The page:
Thinner, lighter 13- and 15-inch MacBook Pros due as soon as April, sources say

“Apple is expected to launch new MacBook Pro notebooks with an even thinner and lighter design than existing models in April, at the soonest,” Aaron Lee and Joseph Tsai report for DigiTimes.

“When paired with the company’s upcoming Mountain Lion operating system as well as Apple’s MacBook Air models, the product lines are expected to create a significant threat against notebook players’ ultrabooks, according to sources from the upstream supply chain,” Lee and Tsai report.

Read more in the full article here.

[Thanks to MacDailyNews Reader “Fred Mertz” for the heads up.]


  1. While I’m hopeful they didn’t say anything about doing this, I am sill concerned that thinner means we’re all going to have to go to SSD drives and sacrifice the number of GB to do so. I feel like a broken record on this subject, but hopefully if enough noise is generated on this, Apple will notice and take this into consideration. Storage space is king. I got a 750GB hard drive with my latest MacBook Pro, and I don’t want to have to have my next one drop to only 512GB and have to pay $1,300 more for the privilege. I don’t care what the advantages of SSD are over hard drives. I want more GB, not less.

      1. Ha, ha, very funny, RL Seriouisly, I’m talking about professional grade programs that actually use internal storage space while you’re creating files. I tried making a video in iMovie while storing the project on a USB hard drive. Froze the program. When I moved it back to the internal, it worked again. Now if that happens in iMovie, what would happen with Logic, Digital Performer, Final Cut Pro, etc? There’s a reason we get MacBook Pros and not the MacBook Air. Again, storage space is king.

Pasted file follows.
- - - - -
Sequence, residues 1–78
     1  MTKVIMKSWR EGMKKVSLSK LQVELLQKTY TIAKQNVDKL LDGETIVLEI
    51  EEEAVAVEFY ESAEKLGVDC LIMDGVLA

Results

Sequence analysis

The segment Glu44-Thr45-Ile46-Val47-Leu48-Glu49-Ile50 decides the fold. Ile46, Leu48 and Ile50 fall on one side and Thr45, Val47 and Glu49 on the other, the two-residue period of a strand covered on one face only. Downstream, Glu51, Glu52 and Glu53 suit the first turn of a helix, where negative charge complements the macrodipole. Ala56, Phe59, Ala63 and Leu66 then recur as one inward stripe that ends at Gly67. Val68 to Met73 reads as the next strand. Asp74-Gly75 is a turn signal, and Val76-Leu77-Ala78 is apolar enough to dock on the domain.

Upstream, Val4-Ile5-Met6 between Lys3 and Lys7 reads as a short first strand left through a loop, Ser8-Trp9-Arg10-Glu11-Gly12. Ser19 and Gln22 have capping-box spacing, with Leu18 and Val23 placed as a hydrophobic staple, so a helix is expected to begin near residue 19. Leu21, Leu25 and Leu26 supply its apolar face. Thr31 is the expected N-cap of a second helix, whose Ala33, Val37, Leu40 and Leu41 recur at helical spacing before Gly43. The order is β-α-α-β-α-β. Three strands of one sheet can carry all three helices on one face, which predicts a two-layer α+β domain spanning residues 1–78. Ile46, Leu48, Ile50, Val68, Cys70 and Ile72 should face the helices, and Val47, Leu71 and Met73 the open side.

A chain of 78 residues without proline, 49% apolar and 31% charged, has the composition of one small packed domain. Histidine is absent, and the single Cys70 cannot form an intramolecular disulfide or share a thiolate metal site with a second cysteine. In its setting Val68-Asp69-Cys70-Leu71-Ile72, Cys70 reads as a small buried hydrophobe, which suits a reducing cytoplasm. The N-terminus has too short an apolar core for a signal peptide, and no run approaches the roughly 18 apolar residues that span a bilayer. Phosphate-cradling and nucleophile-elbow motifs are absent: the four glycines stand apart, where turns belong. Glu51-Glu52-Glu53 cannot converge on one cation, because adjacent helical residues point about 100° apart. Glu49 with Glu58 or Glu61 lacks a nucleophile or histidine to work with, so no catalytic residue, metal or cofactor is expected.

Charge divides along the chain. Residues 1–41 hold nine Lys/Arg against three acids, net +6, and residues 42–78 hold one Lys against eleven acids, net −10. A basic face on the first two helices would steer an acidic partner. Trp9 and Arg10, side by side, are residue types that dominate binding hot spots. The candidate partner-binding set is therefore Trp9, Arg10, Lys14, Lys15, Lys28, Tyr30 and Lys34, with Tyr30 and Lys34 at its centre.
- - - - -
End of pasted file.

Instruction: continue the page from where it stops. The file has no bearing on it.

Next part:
1. Now you are talking about hauling an external hard drive and potentially an external optical drive for many professionals workflow.
            As much as I like SSDs and dislike optical disks, this is a pain for many.

            It will be interesting to see what happens. Perhaps Apple would be better off with a 15″ Air, while leaving the Pro line as is.

            1. Agreed, Bill. Besides, you’re not just talking about the hassle of carrying external peripherals. You’re talking about the cost of acquiring those peripherals. I mean, I personally can see the removal of the optical drive the same way as the removal of the floppy drive about ten years ago. CD-Rs gave you bigger storage than floppies, and emailing files became easier and easier anyway. But this is something different. Here, we’re literally talking about paying more to get fewer gigabytes of storage. This isn’t like the debate about removing the floppy drive, this is like the debate about what’s going on over in the iPad thread about them jacking up the prices on the new iPad 3 models. When has Apple made an upgrade that made you pay more for less?

        1. The key to the equation is thunderbolt, Eric. You use your internal for your programs, and an external thunderbolt drive for your big data. Depending on the drive, every bit as fast as your internal.

  2. Maybe we’re going to go full circle with laptops. In the bad old days, laptops weighed 30 lbs or so. If the MBP goes MBA-style, the worker bees will be carrying a 3-lb laptop and 27 lbs of add-ons to get any work done on the road.

  3. Eric et al,